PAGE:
During usage, the projection can be manually controlled through shiftApp. Since this communication is controlled through a screen, the user interface is consciously limited to one main screen. By operating intuitively without watching the screen, it is not essential to interrupt the training. The text that has been projected is highlighted in real time. This information will be displayed continuously on the main screen during use. By simply scrolling down, the projection will repeat. By tap and double tap, the projection can be stopped or continued, as usual. Additionally, there are two horizontal slide controls adjustable in the opposite direction to the flow of the text. Depending on the usage, speed and display duration of the projection, this can be adjusted proportionally by moving the upper slider. By changing the level of difficulty through the lower slider, the position and text size can be manually adjusted for an added challenge.
Why does SHIFT look the way it does?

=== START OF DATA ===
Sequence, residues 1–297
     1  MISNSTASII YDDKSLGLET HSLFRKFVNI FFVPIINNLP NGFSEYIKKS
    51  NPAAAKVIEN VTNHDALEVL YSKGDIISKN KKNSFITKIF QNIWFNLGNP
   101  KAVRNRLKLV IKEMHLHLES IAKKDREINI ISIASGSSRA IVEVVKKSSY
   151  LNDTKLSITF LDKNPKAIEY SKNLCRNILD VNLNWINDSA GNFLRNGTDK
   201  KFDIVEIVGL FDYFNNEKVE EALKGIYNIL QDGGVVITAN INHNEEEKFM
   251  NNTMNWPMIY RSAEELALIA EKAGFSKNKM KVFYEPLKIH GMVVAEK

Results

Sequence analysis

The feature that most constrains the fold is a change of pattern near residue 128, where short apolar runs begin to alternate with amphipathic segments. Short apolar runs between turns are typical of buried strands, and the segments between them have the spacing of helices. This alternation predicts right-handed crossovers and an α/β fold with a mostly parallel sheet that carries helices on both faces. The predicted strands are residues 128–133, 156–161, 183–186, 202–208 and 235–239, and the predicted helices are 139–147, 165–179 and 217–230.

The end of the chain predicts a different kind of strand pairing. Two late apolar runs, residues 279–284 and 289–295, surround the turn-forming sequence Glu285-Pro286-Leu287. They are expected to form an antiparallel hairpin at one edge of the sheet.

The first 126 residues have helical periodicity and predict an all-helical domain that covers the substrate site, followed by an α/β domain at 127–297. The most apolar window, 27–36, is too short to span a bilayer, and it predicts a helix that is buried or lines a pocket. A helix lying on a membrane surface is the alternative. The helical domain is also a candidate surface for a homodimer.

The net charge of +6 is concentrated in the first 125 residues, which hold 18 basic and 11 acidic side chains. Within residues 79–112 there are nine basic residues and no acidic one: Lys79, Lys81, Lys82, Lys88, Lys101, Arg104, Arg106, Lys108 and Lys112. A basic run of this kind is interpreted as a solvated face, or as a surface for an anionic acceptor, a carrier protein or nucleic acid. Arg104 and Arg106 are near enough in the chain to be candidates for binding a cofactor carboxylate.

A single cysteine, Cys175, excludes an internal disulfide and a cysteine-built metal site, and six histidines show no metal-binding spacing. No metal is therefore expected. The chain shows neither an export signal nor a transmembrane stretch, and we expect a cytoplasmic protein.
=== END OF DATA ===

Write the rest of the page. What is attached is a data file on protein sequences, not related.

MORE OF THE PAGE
Shift was designed to be your daily companion. The smart projector should motivate his user to take it with him as often as possible. For that reason, it was important to me to reflect this mobile flexibility in the final design. The result is a combination of a hardware device and a silicone loop, which provides swift and easy protection for the lenses during transportation. To be ready for usage at any time, shift includes an extendable charging cable as well. It is not uncommon that users misplace components of products. To prevent this from happening, the silicone casing stays connected with shift during use, but can be easily removed for cleaning. That's possible due to an plastic elements acting like a barb on the bottom of the housing.
What are the next steps?
Since the phase of conception as well as necessary technologies of shift have been sufficiently defined, I'm ready for the next challenge which means I would like to continue with the construction of functional prototypes. Additionally, I can imagine adding a new technology that allows the use of shift by auditive control. This would have the advantage of completely foregoing the need to watch digital screens during vision training.